Just to put things into perspective, I am an accredited investor myself. I say this not to boast, but to give others a sense of perspective. I have mentioned in the forum that I have over 1000 long stock positions at any given time. I also have a couple hundred other positions at any given time - put and call options, short stock positions, a handful of commodities ETFs, a few mutual funds in my retirement account, a handful of other investments at any given time such as REITs, a few higher yielding bonds and other debt instruments here and there, etc.
How this plays out in my portfolio is that my very best individual long stock ideas are each no more than 5% or so of my portfolio. Any individual short stock positions are usually no more than 1 to 1.5%. The odd quick day trade or whatever - where something very unusual is happening that makes it highly likely that a substantial profit will be made at very minimal risk in a very short time period - may be 1-2% of my trading portfolio.
Most of my positions are much smaller than 5%. For stocks, I basically have my own little "5 star" system that I use to rate any given stock based upon about a dozen metrics that are important to me. I may own as much as 6 figures worth of a stock, or as little as $100-200 into some speculative microcaps. I am a big believer in dollar cost averaging - I rarely buy more than $10k worth of a stock at a time even if I plan to own as much as $200k - 300k eventually - I will buy a little of it a time each week or month or whatever for maybe a year or longer.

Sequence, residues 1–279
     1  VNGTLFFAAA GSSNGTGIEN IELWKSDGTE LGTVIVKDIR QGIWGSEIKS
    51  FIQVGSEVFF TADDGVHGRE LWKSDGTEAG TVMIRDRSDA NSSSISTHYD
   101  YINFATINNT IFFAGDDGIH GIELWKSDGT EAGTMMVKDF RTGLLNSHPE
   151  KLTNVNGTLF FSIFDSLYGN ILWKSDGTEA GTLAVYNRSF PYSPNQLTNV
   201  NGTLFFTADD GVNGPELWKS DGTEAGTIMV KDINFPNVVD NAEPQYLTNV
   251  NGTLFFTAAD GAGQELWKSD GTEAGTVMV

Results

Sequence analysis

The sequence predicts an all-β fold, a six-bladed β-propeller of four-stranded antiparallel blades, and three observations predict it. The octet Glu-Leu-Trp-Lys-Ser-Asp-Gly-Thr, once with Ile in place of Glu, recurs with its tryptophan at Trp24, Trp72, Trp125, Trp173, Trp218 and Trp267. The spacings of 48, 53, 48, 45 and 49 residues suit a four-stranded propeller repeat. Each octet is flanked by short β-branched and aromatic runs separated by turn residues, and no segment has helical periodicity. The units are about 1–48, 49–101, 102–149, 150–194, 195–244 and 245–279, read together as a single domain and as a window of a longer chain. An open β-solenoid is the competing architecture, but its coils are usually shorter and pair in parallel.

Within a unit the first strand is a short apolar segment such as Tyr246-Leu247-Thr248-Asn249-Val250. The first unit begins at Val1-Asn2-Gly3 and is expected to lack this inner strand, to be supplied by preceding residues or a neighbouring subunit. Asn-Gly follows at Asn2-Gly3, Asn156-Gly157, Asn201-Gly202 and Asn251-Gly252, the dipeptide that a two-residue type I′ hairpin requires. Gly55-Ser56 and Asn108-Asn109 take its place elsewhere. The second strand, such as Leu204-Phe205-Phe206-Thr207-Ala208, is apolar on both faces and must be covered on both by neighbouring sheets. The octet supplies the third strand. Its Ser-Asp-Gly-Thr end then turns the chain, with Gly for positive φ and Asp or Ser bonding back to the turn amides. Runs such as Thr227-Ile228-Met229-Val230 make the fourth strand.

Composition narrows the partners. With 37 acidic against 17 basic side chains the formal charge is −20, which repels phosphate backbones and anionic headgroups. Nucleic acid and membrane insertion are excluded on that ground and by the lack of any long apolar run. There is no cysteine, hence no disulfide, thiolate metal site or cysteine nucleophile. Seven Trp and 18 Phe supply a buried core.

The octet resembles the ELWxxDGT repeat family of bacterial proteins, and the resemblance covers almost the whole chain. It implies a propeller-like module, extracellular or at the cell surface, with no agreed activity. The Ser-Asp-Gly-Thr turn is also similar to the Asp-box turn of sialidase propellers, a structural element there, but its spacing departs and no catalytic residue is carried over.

These days, I have one stock I own six figures worth of. I have dozens that I own tens of thousands of dollars worth of, and probably a couple hundred that I own thousands of dollars worth of. And several hundred more that I own less than a thousand dollars worth of.
I am generally far less active in my bigger positions - these are the companies that I tend to view as longer term investments. They tend to be larger, more stable companies. I am generally going to buy and hold far more of a multi-billion dollar company that trades millions of shares a day, trades above $20 a share, and that earns lots of money than I am of a volatile $5 million dollar biotech company that trades for $1-2 a share or less and has poor fundamentals.